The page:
From the TUC

Smugness & Fatalism in One Chart

31 Oct 2013, by Guest in Economics

Richard Murphy has spotted a chart that can only be described as terrifying. It comes from a new paper from Sheffield University’s Political Economy Research Institute and, for me at least, pretty much sums up all that is wrong with the government’s new found triumphalism on the economy.

It shows GDP per head from 1948 and the latest OBR forecast on its likely path.

SPERI Chart

Now those OBR forecasts are likely to be revised up somewhat at the coming Autumn Statement but not in a way that will fundamentally alter this picture. And this picture understates the real crisis in living standards facing the majority of the population, GDP per capita is a useful measure but not an exact proxy for median living standards.  Whilst GDP per capita is currently growing at a reasonable clip, living standards for the majority remain squeezed.

This is a chart that shows a lost decade and that clearly demonstrates that the recent pickup in growth is far less impressive when put into its proper context. I look at this chart and I am reminded of a Paul Krugman quote that I’ve used more than once on this blog before.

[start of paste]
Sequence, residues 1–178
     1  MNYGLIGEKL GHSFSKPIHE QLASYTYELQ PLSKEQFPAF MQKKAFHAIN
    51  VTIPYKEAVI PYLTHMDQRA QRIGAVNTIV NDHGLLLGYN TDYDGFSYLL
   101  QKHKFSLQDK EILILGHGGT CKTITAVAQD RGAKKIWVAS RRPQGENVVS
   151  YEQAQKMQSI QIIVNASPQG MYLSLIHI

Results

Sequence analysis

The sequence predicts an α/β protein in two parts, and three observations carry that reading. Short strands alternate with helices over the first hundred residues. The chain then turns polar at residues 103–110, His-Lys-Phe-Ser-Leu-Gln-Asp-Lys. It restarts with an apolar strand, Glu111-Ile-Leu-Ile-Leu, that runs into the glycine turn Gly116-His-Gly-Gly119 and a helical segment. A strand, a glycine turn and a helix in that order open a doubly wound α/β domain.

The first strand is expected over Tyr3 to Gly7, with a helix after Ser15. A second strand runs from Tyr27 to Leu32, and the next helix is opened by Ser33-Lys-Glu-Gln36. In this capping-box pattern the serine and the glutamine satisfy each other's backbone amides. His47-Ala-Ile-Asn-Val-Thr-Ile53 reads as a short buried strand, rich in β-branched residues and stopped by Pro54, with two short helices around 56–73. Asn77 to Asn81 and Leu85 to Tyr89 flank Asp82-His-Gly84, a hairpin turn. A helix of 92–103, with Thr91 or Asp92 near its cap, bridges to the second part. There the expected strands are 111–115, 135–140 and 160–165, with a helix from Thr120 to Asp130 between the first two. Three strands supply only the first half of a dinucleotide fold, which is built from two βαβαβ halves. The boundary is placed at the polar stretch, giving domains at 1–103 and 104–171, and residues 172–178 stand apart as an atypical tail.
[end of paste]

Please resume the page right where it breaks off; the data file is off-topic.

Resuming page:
The slowness with which Japan’s economy deteriorated was in itself a source of much confusion. Because the depression crept up on the country, there was never a moment at which the public clamoured for the government to do something dramatic. Because Japan’s economic engine gradually lost power rather than coming to a screeching halt, the government itself consistently defined success down, regarding the economy’s continuing growth as a vindication of its policies even though that growth was well short of what could and should have been achieved. And at the same time, both Japanese and foreign analysts tended to assume that because the economy grew so slowly for so long, it couldn’t grow any faster.

So Japan’s economic policies were marked by an odd combination of smugness and fatalism – and by a noticeable unwillingness to think hard about how things could have gone so wrong.  (My emphasis)

This feels very apt.

2 Responses to Smugness & Fatalism in One Chart

  1. Allan Martin
    Nov 1st 2013, 7:22 am

    Sadly this graph doesn’t start in the 1920’s when the depression of the 1930’s could be compared to the great(er) depression of 2008 – 2022. Even more sad is the catastrophe of 1939-45 which transformed the world’s finances after WW2 and provided the very poor and inappropriate starting point for the illustration. Although real growth is illustrated, I think this needs to be considered with several world events such as oil crisis of 1974, freedom of currency movement, stock market big bangs, China and globalisation. The illustration of the build up of unsustainable debt from 1990 (say) onwards would also help to add reality. World competition in manufacturing has already arrived, world pressures in oil refining and petro chemicals was recently illustrated and services will follow to an even greater extent.

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